About Face

Monday was a ‘feeling out’ day. Maine went mask-less on May 24th, and I for one was ready. However, just because our Gov said it was OK, with reservations of course, didn’t mean that every business, and/or person, had signed on. As government is so want to do, they just opened the cage. It was up to each individual and business to decide whether or not they wanted to step out. Many of the chain stores relaxed their mask requirements, as did our supermarket. But not without a plea to unvaccinated shoppers to please mask up and to those of us that were, well, they wouldn’t be upset if we did so too.

So, it was with some trepidation that I entered the hallowed halls of produce and perceptions. I casually looked around me to scope the atmosphere and found that more then half the people were still masked. It was a little unnerving to be the only bare faced guy checking out the vegetables. I soon found myself looking for others ‘of my kind’ with a subconscious urge to surround myself with them. It turned out this was going to be harder then I thought. I was obviously in the minority.

As I progressed, I started chastising myself for my feelings of unease, frequently reaching into my pocket and fondling the mask I had brought for moral support. Be brave, I thought. Soon, more people will take heart from your actions and themselves begin to cast off the bonds of maskdom. You will be seen as a leader, unafraid, forging a new future.

Soon, my feelings of forced isolation began to wane and I stood a little straighter, walking with more confidence. However, since the directional arrows had been removed from the aisles, it was now possible and probable that you were going to meet other people moving in the opposite direction, and I did. Rounding a corner, I was confronted by a dad and his two young daughters, all masked. I didn’t think anything of it at first until I noticed one of the daughters staring at me and she appeared to be frowning. In a gesture of civility, I smiled. She did not smile back. As I passed their cart, she stepped a little closer to her father, her gaze never wavering. After passing them, I had to look back and sure enough, she was still staring. All my bravado began to recede and my quilt trip began. I had just been dissed by an 8 year old.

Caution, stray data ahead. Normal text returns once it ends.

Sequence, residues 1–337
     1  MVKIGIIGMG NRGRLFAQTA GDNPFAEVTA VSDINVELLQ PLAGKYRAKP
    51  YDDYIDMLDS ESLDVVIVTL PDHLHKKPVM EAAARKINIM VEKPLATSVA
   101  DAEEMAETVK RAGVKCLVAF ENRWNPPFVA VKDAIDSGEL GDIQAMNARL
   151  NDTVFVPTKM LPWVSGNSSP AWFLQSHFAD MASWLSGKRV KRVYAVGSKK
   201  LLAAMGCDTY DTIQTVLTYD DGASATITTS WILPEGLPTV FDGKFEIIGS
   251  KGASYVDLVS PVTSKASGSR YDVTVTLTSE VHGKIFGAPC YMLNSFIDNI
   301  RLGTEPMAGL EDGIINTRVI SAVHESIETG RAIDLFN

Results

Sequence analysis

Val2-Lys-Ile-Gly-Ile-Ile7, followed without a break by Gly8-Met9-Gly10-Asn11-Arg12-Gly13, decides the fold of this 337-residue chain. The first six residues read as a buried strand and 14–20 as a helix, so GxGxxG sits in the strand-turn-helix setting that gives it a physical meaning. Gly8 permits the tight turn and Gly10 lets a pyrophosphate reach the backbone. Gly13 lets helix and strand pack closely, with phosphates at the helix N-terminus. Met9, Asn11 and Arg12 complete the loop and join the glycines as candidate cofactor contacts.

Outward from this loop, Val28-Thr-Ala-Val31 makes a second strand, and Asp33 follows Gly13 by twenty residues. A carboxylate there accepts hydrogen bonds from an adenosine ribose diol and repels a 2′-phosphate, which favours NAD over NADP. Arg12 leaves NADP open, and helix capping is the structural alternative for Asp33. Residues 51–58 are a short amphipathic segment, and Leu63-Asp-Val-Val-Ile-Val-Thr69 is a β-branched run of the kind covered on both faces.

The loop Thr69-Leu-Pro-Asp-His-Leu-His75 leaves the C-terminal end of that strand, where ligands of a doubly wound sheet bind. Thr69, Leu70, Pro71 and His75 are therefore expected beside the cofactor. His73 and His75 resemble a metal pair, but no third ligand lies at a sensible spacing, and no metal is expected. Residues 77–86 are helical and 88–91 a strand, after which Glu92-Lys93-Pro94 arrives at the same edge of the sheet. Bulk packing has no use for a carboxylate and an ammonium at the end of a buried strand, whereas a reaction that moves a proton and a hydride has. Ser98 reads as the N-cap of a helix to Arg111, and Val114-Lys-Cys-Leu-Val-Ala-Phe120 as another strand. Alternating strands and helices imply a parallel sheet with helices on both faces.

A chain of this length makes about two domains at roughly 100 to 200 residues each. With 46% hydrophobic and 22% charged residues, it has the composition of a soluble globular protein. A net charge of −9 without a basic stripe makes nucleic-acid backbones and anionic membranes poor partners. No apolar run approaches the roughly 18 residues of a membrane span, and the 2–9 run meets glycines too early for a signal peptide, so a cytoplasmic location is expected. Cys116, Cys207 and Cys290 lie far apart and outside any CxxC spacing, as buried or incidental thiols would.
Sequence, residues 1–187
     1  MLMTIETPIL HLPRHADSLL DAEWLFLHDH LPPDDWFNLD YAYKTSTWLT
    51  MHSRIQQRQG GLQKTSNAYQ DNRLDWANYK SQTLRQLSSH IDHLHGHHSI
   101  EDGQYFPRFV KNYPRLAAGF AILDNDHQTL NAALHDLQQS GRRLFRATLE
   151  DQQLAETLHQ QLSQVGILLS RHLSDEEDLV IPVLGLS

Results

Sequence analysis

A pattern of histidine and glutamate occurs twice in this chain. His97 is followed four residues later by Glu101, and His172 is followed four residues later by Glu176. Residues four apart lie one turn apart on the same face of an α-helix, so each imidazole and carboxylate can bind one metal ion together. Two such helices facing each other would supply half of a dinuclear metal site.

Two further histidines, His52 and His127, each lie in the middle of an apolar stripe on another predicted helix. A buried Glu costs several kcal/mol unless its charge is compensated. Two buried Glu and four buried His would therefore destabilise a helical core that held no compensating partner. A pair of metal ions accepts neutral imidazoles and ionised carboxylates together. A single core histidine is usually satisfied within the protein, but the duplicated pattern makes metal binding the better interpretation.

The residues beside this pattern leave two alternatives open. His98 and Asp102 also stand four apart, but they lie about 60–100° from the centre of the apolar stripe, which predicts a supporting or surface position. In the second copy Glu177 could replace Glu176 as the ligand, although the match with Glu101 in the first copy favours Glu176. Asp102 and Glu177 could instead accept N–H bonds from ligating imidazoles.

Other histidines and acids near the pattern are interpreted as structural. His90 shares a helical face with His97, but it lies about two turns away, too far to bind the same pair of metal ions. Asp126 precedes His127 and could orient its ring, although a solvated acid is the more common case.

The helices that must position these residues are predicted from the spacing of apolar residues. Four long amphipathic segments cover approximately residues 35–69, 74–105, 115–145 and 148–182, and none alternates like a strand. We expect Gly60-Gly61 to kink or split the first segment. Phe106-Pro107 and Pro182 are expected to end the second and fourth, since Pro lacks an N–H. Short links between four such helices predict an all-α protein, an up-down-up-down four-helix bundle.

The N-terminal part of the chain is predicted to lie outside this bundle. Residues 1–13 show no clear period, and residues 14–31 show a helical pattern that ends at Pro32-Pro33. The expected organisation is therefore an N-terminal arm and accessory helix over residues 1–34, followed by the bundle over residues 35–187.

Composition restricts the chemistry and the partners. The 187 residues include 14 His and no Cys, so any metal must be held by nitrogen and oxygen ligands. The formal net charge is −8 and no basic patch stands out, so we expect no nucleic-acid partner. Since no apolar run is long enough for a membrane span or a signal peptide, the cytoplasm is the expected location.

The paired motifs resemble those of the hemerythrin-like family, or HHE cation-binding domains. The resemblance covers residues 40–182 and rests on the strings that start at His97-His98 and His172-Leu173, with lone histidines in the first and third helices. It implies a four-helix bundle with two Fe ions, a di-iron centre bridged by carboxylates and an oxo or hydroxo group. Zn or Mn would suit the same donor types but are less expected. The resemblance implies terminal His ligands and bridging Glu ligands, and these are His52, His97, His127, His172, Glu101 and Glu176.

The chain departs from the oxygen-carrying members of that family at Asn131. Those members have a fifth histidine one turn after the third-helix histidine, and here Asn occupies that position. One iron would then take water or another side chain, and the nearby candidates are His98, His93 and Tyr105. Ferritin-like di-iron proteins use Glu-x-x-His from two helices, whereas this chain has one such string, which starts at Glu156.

In retrospect, it occurred that we adults may have a rocky road to travel, at least initially, where it pertains to the kids. Niether of those little girls were yet 12 so showing them my immunization card probably would not make a difference. They were too young to carry one and were probably too young to read it anyway. They were just emerging from a prolonged environment where school meant a few hours daily on a computer and playing outside was a memory. Physical interaction is something that had been eliminated from their life over a year ago. The only thing, at least to them, that had changed, was me.

I am going out again today, and again, I am going to cast off the chains of isolation wherever and whenever possible. I will again display my newly regained sense of freedom, although, not assertively. But I can’t help wondering about that dad and his two girls. I wonder how long it will be before one of them climbs in his lap and says “Dad, are the people with faces the same as us”?

About oldmainer

I am a retired manager living in Southern Maine and a would be writer of poetry, narratives, short stories, and random opinions, and that's how Oldmainer was born. Recently, I decided to try an experiment. I added photography to the mix, using only a cheap cell phone with a limited camera and the editing software that came with it, and added the blog site Inklings at poormanspoet.wordpress.com to showcase the results. So, feel free to use whatever you find interesting or worthy, but please honor the terms of my copyright when and if you do. They may not be much, but they are still a piece of me. I appreciate your checking me out and hope that you find something that will encourage a return visit. Thanks for stopping by.
This entry was posted in Children, Coping, Friendship, Future, Generations, Humor, Insight, Kids, Pandemic, Reflection, Relationships and tagged , , , , . Bookmark the permalink.

5 Responses to About Face

  1. quiall says:

    I love that last line! I’m prepared to live with my mask for a long time yet. There are still too many unanswered questions and the variants are still out there.


    • oldmainer says:

      I don’t think there is a right or wrong. We each have to decide for ourselves.


    • Sonya Kassam says:

      Yes! The last line was powerful, as are all the closing lines of Bob’s posts.

      We’re all still masked up here in Kenya, and watching some countries destroy expired vaccines is a bewildering experience when a few of us have only had the first dose.

      I feel this virus has taught us lessons never found in any classrooms, any scriptures nor in any leaders’ manifestos.

      Time to listen to Mama Nature 🍃


      • oldmainer says:

        Hi. So good to hear from you. I’m hoping we are on the way out of this and that you will soon have your second shot. We are going to have to learn interaction all over again. It is going to be a different world going forward I suspect. I pray we have learned something, but history indicates otherwise. All we can do is have faith and live wisely. Take care of yourself.


  2. Paul says:

    Good article. Good points. We wear ours when out as not sure how safe yet and my wife’s resistance still low. It is an individual decision, if you have had shots. Good luck…


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